The terms of an Indiana court order for custody often affect whether a mother can move away from the state with her children. The right to relocate may also depend on the other parent's custodial rights and any objections he has to the move. A mother who plans to relocate should understand the relevant laws and procedures required in Indiana. She might benefit from consulting with an Indiana lawyer who handles custody issues, especially if the other parent opposes the relocation.

Ohio Laws on Relocation & Child Custody After Divorce

Under Ohio law, a custodial parent wishing to relocate to a difference state must receive consent from the other parent or the court. As a result of this requirement, you cannot just pick up and relocate to another state with your child. There are requirements, as required by Ohio law, that you must meet before the move may occur or the court may intervene and order you and your child back to Ohio.

What Are the Laws in Arizona Concerning Divorce & Taking Your Kids Out of State?

Arizona requires parents to file proposed parenting plans during the divorce process, and the court only rules on custody issues if parents cannot agree to a parenting plan or some aspect of it. A couple’s parenting plan can give specific guidance about how the parents intend to handle vacations and relocations. Arizona law also provides rules about relocating children when the parents are divorced.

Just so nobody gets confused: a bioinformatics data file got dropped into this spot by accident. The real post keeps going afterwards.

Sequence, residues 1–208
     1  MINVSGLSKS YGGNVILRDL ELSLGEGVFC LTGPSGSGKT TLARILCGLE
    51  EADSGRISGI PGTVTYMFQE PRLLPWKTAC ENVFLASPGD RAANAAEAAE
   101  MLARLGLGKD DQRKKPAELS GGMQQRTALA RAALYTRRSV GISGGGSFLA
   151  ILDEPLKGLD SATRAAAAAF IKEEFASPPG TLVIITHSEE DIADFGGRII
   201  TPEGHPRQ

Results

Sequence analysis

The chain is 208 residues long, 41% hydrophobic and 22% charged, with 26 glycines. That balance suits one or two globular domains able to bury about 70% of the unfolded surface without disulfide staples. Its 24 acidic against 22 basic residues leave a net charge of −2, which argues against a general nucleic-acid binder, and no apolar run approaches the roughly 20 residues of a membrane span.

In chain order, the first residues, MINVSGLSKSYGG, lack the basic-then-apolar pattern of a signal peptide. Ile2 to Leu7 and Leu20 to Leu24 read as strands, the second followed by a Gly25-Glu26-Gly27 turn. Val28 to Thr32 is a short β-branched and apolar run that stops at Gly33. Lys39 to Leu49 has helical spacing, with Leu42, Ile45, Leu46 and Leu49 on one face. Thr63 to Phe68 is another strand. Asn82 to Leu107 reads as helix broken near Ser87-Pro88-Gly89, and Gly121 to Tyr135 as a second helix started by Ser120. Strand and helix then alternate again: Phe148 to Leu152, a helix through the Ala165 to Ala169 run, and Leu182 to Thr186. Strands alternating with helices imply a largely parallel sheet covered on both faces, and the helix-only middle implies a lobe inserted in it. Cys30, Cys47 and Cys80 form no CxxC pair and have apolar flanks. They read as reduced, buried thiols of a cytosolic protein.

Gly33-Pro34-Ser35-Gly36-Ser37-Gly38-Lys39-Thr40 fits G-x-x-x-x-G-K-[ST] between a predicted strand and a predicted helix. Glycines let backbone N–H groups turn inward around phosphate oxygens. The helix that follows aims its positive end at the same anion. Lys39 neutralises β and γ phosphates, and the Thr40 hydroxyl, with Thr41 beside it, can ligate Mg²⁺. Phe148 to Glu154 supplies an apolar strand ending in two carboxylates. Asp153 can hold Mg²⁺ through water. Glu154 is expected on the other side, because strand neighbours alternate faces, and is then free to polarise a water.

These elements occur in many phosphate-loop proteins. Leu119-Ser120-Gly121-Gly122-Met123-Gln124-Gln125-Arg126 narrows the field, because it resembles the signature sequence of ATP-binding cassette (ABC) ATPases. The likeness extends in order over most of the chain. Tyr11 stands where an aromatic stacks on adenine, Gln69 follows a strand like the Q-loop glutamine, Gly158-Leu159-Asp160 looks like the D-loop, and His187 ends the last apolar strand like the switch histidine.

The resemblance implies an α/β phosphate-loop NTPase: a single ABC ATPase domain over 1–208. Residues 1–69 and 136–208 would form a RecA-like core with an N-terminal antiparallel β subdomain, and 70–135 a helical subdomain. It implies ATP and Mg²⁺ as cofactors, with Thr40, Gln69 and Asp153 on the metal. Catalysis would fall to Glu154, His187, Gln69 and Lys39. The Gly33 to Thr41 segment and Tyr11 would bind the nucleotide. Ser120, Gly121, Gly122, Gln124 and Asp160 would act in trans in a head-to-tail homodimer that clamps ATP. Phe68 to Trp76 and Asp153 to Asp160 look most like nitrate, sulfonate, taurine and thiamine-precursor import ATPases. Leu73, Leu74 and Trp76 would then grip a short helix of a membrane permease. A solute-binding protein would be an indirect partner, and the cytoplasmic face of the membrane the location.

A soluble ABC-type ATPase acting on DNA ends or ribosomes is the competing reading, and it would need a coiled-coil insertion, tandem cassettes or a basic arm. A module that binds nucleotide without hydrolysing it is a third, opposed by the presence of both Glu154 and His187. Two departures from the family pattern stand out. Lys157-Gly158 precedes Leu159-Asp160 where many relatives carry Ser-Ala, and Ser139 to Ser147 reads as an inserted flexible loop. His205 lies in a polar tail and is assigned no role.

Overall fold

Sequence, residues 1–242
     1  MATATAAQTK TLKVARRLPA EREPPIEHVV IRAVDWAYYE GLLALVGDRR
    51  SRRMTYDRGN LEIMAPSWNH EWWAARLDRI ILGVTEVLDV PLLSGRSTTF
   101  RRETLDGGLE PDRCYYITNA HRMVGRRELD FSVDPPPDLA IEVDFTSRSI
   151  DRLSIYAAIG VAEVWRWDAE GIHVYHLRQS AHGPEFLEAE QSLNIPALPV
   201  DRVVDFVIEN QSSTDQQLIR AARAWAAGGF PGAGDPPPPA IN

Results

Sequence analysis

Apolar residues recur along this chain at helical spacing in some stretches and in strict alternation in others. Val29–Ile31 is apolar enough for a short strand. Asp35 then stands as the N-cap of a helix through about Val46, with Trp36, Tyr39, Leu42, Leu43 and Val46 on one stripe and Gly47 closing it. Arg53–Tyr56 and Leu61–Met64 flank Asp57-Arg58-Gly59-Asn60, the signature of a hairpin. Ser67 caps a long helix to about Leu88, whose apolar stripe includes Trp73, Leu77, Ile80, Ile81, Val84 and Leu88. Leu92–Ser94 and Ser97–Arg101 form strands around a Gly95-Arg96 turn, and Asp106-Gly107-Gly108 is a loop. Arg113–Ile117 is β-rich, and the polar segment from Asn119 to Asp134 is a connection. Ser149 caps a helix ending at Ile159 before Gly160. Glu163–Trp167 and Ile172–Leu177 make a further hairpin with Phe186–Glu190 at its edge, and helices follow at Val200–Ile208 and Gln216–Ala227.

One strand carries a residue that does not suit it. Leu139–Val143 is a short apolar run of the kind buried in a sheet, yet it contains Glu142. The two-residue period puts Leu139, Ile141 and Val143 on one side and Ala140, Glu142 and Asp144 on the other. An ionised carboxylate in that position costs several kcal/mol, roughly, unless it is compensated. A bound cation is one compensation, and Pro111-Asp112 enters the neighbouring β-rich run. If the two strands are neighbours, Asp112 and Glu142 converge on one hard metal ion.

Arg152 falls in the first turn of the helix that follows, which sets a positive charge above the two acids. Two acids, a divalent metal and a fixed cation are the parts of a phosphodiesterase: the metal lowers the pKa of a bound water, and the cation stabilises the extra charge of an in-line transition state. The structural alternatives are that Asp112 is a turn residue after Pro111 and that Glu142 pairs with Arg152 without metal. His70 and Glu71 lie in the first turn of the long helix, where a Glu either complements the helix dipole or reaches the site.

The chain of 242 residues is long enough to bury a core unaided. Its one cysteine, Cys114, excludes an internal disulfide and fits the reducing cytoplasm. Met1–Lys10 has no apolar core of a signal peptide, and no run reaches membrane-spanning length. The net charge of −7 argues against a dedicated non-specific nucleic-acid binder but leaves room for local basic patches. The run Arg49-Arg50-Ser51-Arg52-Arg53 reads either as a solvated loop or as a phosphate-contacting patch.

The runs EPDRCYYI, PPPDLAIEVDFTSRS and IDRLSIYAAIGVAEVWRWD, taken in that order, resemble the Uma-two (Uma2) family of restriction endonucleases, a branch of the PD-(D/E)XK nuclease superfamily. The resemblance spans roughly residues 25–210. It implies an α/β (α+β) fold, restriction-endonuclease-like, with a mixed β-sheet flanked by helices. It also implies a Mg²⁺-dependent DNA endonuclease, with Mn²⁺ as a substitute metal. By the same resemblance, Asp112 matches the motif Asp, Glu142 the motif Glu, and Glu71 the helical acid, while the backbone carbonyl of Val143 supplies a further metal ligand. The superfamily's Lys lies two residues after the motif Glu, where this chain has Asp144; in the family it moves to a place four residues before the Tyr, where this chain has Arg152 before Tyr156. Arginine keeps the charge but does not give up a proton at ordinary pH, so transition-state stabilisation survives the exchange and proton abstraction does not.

Get Divorced Online

Related articles

Laws on Relocating Children After Divorce in Illinois

A parent with custodial rights may want to relocate with the children after divorce. For instance, some parents move to ...

Michigan Child Custody Laws & Moving Restrictions

Relocation plans often result in conflict between divorced parents if one parent wants to move away with the children. ...

Laws for Moving Out of State With Shared Parental Rights in Maine

Shared parental rights is the optimum way for two parties to share custody. In Maine, shared parental rights mean that ...

Florida Law for Shared Custody of Minor Children

Emotions tend to run high in custody proceedings and parents often lose sight of what's best for their children. ...

Browse by category
Ready to Begin? GET STARTED